How do we sit at computer workstations?
There is growing evidence that there needs to be flexibility in the way we sit at computer workstations, especially for those who work at home.
While there is not one correct way, seating should support postures that can be changed frequently within a comfortable range throughout the day.
It should accommodate the:
- work being done
- visual demands
- Workers’ individual differences.
Did you know that sitting at your desk for prolonged periods is a static posture that has the potential to result in musculo skeletal disorders?
A few good work practices can significantly reduce risks of fatigue and strain on the neck, shoulders, back and legs.
Please remember that the smallest changes can make the world of difference!
Setting up your workstation properly may be the single easiest way to prevent injuries.
These are guidelines provide you with a simple workstation self-assessment.
Included in this guide to ergonomically set up your workstation I have a set of stretching exercises to help maintain good posture and flexibility throughout your working day.
Proper office ergonomics — including correct chair height, adequate equipment spacing and good desk posture — can help you and your joints stay comfortable at work.
A comfortable work space can help you feel your best.
The correct way to sit at your computer.
- Guidelines for simple workstation self-assessment.
- The Correct Way To Sit At Your Computer
- How Our Body Works –Our Muscle
- Cracking the Office at Home Ergonomics Code
- Stretches To Do At Your Desk
My name is Warren Breakwell
I am the owner of Multicare Tactile Therapies Clinic (Melb)
My clinic specialises in myotherapy and remedial massage which l have owned and operated for the past 18 years.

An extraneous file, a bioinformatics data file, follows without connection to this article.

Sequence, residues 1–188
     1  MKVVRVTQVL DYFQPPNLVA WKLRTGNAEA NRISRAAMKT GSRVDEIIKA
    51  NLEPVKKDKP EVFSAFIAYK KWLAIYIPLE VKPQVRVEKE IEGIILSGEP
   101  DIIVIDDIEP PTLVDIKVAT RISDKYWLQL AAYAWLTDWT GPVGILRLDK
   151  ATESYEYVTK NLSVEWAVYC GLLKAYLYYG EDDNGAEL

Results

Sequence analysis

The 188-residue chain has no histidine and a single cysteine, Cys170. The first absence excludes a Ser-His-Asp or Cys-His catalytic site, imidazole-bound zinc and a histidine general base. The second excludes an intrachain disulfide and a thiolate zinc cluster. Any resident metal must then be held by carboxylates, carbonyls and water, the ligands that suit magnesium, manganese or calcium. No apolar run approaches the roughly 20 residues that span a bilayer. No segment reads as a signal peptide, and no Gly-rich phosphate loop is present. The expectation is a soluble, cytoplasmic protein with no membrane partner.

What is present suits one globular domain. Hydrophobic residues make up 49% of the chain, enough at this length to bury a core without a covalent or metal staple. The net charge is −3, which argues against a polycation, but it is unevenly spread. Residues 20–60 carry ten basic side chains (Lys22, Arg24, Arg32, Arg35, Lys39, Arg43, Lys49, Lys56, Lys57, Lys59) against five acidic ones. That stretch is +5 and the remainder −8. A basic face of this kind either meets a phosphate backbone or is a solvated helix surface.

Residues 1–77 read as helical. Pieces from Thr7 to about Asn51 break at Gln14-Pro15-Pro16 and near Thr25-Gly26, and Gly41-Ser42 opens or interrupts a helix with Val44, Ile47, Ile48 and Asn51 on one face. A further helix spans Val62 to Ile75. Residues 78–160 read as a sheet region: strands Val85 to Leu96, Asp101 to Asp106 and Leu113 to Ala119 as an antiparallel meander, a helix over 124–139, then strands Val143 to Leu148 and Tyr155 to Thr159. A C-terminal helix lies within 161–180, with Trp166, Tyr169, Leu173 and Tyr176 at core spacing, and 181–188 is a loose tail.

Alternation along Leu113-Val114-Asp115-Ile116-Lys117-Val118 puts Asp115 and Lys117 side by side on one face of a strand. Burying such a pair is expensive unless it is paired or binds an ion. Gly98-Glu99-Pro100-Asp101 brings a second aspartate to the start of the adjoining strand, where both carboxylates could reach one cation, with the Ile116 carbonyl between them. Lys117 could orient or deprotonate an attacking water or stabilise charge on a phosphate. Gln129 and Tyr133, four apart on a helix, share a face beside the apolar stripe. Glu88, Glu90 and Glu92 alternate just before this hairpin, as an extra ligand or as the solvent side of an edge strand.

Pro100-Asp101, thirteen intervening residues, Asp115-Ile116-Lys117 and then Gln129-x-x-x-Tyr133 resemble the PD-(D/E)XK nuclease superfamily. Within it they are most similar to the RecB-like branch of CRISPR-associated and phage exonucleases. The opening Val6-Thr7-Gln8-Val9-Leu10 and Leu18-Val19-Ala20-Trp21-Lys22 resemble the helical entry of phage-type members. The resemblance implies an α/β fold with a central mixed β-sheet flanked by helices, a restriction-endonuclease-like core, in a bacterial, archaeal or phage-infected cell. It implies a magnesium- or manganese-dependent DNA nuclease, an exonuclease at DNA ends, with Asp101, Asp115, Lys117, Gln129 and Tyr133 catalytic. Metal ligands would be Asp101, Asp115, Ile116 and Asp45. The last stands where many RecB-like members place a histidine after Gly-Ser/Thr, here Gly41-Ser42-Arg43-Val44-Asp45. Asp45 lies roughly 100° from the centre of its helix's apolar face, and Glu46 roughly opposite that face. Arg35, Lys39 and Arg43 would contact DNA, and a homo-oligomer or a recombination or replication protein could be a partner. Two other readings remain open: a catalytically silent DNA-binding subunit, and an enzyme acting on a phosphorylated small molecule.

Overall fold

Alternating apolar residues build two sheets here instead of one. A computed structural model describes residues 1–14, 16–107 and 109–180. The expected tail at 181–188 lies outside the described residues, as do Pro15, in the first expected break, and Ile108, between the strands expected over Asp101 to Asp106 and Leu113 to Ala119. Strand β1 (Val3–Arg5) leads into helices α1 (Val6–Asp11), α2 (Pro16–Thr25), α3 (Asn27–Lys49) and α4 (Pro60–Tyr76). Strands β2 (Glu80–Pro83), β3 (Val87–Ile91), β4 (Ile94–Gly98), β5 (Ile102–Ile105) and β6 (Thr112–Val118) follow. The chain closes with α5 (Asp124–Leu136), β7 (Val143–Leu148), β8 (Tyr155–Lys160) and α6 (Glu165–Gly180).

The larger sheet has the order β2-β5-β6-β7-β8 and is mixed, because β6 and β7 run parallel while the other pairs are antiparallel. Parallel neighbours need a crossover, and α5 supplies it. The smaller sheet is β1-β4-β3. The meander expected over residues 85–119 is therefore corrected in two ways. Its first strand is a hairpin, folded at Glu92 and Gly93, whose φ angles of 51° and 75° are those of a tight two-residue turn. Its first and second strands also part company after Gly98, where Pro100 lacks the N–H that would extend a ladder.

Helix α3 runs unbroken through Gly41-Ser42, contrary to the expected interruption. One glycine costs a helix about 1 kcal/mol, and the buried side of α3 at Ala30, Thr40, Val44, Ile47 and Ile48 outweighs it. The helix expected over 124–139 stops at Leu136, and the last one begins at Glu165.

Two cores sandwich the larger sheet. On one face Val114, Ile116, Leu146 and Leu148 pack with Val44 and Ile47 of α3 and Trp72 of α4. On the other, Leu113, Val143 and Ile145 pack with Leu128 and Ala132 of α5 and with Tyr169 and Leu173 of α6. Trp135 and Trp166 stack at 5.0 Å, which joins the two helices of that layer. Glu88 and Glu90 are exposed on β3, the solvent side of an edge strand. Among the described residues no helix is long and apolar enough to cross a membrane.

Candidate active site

Did you know that sitting at your desk for prolonged periods is a static posture?
And that has the potential to result in many musculoskeletal disorders if not managed?
I have trained in and practiced for many years in repairing and resolving numerous musculoskeletal soft tissue injuries due to bad posture and poorly designed computer workstations.
For the past 28 years I have treated clients with significant neck and shoulder injuries; lower back pain, carpal tunnel syndrome, migraine and many other related conditions. Due to constant work in front of a computer.
My field of expertise is remedial soft tissue therapy.
So with this experience behind me I wanted to set about creating an ergonomic checklist for people who work at a computer workstation.
The checklist is not only for those who work in an office space but importantly for those who work at home and may not have the resources or facility to set up their workstations properly.
Don’t forget that poor postures can be adopted at home too and not just in the workplace…
So here are a few good work practices which can significantly reduce musculoskeletal injury and risk:
- Make sure your workstation is set up to suit your individual needs.
- Get up from your desk at least every 30-60 minutes and move around. Avoid prolonged static postures.
- Breathe deeply to get more oxygen to your muscles.
- Have a good working posture and maintain the natural curves of your back when seated (i.e. no slouching).
- Vary your work tasks. Break up long periods of continuous computer use by performing small tasks/errands.
- Strive to change any poor postural habits when sitting.
I hope you gain some value from this guide and put into practice the workstation assessment that will help overcome many of the injuries and conditions l treat on a daily basis.